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Berenberg/HWWI study: Labour mobility “Willingness to migrate is increasing in Europe”

  • Migrants from new member states demonstrate greatest mobility 
  • Rise in intra-EU migration from the periphery to the core 
  • Germany is one of the most popular destination countries 
  • Mobility driven primarily by employment opportunities and pay

Hamburg/Frankfurt. In a single currency area, the movement of workers can play an important role in eliminating imbalances on the labour markets. “Economic shocks can be cushioned by a high level of labour mobility,” explains Dr Jörn Quitzau, an economist at Berenberg. 

In their latest study, private bank Berenberg and the Hamburg Institute of International Economics (HWWI) analyse labour mobility in Europe during the crisis years. “Workers reacted to the imbalances on the labour markets caused by the euro crisis,” says Professor Thomas Straubhaar, Director of the HWWI. “This has resulted in a redirection of migration flows together with additional movements out of the crisis-hit regions.” Previously popular destinations for migrants like Spain evolved into net emigration countries during the crisis. The migration flows from the European Union’s new member states in central and eastern Europe (NMS-12) in particular have changed direction. Instead of going to Spain, Ireland or Italy, workers from the accession countries are now heading more to other European countries or returning to their home countries. Furthermore, an ever increasing number of natives are emigrating from the periphery of the eurozone to the core European countries. In 2012, around 349,000 people from the EU-27 immigrated to Germany alone, of whom around 217,000 came from the NMS-12.

The willingness of young, well-educated Europeans to migrate seems to be increasing within the EU. An analysis of labour mobility between 2009 and 2012 shows that internal migrations in the EU-27 rose by around 20% during this period. Immigration to Germany in that four-year period increased by 71% overall and a massive 108% from the EU-27. Compared with the UK, Germany tends to attract less well-educated migrants. In this context, it is primarily employment and incomes that are the actual drivers of labour mobility in Europe. “The single currency is not an issue in this regard. People go where the jobs are. In addition, the persistent income gap between the countries of central and eastern Europe and western Europe is acting as a lever initiating migration,” says Berenberg economist Quitzau.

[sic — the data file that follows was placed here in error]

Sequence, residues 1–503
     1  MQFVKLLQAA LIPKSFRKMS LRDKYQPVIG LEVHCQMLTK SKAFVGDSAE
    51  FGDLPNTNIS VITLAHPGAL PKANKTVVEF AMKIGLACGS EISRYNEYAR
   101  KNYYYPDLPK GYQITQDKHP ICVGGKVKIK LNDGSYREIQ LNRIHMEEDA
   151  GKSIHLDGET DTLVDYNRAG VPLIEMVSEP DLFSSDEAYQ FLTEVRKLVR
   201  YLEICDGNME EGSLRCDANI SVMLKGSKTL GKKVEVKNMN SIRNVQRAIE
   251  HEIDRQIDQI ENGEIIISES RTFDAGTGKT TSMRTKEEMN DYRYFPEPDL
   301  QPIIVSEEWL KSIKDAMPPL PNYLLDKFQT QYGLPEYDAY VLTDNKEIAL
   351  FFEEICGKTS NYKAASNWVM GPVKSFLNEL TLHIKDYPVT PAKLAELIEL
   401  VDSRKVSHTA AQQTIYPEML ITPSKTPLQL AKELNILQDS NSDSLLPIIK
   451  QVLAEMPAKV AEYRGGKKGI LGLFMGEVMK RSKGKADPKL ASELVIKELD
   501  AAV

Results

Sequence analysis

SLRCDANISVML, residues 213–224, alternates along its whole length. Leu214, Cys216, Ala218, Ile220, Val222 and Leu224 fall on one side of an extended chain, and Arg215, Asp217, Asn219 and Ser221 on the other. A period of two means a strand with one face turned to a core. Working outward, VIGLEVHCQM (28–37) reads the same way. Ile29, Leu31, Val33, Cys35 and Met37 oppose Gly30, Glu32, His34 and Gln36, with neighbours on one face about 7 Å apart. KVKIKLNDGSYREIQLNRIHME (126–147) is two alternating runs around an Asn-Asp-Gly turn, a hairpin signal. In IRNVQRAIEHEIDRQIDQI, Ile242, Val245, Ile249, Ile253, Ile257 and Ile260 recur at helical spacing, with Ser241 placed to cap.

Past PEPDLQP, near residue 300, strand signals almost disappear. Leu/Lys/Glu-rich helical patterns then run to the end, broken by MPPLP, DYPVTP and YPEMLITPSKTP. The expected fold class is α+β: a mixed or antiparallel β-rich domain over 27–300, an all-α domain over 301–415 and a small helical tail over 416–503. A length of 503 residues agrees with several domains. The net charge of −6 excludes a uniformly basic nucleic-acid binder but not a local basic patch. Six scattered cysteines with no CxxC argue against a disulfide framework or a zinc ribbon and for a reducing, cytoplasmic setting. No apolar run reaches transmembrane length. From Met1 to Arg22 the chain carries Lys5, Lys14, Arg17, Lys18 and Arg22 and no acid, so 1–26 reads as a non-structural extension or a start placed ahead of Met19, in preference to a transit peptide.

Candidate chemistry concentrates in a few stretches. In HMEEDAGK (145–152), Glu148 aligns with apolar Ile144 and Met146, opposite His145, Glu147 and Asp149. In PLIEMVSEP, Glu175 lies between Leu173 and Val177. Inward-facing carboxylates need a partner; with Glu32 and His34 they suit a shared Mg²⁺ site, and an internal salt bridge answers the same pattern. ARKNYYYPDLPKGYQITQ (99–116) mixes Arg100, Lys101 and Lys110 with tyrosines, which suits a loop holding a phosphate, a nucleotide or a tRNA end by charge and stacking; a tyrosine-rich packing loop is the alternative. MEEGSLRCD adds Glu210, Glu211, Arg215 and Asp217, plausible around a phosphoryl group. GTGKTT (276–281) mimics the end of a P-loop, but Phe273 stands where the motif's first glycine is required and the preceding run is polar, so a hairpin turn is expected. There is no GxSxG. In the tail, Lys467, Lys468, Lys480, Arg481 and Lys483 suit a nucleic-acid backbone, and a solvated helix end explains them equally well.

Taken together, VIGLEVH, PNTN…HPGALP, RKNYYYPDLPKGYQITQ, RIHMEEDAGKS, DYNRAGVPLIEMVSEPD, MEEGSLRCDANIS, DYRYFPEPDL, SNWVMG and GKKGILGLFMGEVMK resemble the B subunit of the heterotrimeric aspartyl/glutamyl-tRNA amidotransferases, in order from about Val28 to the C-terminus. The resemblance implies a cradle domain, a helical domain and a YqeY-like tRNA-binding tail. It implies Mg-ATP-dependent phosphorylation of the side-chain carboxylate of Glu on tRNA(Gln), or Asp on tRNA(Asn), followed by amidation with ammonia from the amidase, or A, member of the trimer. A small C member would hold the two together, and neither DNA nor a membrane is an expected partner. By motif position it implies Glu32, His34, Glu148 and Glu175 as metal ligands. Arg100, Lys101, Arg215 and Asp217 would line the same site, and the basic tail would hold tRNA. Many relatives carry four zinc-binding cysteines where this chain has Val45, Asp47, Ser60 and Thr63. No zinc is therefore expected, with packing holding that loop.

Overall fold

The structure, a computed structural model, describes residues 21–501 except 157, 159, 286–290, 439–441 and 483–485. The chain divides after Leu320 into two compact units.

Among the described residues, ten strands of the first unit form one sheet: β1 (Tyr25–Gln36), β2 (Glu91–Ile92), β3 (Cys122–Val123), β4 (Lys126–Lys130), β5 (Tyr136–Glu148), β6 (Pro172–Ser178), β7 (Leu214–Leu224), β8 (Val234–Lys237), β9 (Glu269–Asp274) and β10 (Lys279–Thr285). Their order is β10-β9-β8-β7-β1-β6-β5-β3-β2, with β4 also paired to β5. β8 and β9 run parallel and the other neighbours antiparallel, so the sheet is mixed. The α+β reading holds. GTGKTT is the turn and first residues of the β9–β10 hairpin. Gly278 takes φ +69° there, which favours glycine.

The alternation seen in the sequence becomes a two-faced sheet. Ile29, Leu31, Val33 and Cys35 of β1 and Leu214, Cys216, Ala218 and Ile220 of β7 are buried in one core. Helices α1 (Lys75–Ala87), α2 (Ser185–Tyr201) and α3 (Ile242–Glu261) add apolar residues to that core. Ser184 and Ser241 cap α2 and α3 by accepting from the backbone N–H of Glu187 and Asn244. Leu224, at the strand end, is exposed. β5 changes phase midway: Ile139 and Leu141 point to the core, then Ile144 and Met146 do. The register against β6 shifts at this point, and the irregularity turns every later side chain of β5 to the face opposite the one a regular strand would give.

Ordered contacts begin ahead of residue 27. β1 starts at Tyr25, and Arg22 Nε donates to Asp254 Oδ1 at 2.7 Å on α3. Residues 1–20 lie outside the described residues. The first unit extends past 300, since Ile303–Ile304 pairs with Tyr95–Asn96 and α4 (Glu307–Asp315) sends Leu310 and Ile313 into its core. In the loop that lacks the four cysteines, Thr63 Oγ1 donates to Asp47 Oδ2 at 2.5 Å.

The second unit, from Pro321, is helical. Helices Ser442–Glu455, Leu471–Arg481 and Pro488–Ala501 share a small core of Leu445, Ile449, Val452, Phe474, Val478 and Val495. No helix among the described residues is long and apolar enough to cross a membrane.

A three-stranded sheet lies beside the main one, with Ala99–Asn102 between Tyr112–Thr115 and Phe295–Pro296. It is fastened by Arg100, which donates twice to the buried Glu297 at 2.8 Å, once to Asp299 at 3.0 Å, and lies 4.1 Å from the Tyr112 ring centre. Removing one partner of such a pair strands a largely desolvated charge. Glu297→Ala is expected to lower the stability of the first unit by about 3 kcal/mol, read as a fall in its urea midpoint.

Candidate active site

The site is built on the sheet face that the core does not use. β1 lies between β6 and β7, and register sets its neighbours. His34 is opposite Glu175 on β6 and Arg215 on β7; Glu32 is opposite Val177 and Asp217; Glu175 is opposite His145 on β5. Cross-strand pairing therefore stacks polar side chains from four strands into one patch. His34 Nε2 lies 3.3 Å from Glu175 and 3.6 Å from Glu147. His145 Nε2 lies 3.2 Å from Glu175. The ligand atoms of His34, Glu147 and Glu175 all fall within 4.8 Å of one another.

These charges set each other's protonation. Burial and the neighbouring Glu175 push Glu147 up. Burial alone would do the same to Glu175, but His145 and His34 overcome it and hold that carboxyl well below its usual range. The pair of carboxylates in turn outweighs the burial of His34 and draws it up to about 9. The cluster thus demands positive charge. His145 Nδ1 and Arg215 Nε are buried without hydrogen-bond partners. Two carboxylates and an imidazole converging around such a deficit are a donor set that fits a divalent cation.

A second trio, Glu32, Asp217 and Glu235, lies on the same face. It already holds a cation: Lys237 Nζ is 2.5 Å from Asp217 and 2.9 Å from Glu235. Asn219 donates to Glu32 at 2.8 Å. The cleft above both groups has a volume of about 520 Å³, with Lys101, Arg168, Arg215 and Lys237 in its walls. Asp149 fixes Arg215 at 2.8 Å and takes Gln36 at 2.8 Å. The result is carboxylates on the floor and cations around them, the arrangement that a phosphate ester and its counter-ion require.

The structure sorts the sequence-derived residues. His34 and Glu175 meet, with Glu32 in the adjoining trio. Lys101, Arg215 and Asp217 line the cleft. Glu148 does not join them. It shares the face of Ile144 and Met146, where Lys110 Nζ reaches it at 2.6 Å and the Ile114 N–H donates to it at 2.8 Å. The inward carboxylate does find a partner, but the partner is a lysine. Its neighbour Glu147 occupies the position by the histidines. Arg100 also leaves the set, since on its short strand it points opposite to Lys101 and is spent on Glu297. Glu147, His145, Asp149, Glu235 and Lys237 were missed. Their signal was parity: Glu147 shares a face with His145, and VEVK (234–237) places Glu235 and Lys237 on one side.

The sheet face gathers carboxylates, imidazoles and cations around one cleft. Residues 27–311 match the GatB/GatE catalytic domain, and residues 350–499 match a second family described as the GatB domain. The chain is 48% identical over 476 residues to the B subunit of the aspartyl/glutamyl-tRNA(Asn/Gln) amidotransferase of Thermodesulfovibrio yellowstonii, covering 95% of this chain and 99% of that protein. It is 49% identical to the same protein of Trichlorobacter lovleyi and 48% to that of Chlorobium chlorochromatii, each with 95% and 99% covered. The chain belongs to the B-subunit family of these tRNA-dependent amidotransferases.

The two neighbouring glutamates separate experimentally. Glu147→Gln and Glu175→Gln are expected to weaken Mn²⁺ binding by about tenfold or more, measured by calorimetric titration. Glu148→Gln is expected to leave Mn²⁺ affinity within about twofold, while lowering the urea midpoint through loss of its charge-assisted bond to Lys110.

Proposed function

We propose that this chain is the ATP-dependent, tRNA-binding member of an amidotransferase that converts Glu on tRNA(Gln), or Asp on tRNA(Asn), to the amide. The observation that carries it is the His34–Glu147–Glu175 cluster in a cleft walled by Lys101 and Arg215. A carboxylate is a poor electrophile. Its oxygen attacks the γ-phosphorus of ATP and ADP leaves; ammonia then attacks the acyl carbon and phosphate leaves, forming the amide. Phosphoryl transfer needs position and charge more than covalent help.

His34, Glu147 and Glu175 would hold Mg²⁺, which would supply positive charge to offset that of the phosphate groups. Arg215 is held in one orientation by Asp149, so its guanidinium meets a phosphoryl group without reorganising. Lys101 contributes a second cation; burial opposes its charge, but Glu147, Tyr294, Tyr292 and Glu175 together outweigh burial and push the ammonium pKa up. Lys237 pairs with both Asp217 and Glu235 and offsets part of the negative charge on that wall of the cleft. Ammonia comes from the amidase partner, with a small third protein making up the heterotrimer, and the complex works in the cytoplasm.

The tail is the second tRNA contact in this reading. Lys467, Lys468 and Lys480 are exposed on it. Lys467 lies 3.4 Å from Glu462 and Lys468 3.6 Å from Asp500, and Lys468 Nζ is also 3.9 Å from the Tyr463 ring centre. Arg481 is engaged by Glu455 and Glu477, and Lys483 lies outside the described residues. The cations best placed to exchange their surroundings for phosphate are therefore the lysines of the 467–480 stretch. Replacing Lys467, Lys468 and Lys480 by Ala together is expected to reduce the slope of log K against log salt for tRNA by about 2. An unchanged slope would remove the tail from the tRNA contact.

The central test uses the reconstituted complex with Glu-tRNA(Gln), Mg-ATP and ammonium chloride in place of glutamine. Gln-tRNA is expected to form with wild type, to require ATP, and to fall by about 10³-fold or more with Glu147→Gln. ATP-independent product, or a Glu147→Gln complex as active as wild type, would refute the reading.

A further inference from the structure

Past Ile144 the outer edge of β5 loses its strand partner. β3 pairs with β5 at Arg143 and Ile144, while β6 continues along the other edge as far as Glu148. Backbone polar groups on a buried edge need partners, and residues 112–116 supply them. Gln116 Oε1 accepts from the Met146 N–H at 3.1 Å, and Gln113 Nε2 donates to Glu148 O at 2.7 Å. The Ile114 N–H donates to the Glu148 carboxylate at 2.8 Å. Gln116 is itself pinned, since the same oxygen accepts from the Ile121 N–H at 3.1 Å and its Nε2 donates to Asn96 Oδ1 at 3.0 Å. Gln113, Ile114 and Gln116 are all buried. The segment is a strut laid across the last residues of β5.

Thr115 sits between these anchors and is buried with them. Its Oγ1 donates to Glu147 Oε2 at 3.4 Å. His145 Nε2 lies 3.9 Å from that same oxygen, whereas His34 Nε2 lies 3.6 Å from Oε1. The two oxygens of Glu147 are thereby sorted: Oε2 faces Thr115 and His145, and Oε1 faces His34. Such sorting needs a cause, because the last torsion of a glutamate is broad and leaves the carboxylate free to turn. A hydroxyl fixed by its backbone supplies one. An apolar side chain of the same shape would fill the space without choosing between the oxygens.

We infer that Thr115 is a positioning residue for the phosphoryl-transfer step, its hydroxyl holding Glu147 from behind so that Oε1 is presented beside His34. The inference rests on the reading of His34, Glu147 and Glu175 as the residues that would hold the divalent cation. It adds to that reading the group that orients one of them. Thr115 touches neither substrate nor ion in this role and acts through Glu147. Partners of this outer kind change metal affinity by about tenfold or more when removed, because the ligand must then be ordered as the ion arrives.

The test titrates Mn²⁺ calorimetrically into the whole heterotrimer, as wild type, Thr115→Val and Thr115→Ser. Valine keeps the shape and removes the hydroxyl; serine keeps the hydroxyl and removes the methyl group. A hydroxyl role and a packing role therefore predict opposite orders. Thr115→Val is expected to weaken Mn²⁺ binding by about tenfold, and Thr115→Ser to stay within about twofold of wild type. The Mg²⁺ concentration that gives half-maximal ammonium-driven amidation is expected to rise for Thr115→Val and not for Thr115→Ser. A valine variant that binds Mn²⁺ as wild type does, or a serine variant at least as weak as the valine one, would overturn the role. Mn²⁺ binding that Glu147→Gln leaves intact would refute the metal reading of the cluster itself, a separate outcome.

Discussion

Between 2008 and 2011, the proportion of migrants within the EU-27 accounted for by highly skilled workers rose by 13 percentage points. At the same time, new jobs were still created for highly educated workers in the eurozone even during the crisis. The mobility of increasingly young and well-educated people within Europe promotes the integration of the labour markets. However, around one-third of the migrants entering the EU-15 from the NMS-12 are over-qualified for the work they do in the destination country. “Over-qualification for the job is the price that many highly skilled migrants pay for employment in the destination country. At the same time, a job for which they are actually over-qualified is the better choice for them, provided this represents the only alternative to unemployment in the short run”, says Dr Christina Boll, a research director at the HWWI. To cite one example, Germany has deliberately courted migrants for future-looking occupations in healthcare and nursing, some of whom are over-qualified for the jobs they do in the destination country. By contrast, low-skilled workers, many of whom have become unemployed in the crisis-hit countries, can only be redirected to new jobs in more stable countries to a limited extent. “The falling demand for low-skilled workers is connected to the economic shift towards knowledge-based services confronting all European countries,” believes Boll. The crisis in the eurozone led to a sharp increase in the mismatch between available and required education levels. 

“Even though labour mobility within Europe still has upward scope, Europe would do well not to ‘put all its apples in one basket’ when it comes to further efforts to integrate its labour markets,” summarizes Quitzau. “It is just as important to press ahead with structural reforms and make the eurozone and Europe attractive for young, educated immigrants from countries outside of the EU.”

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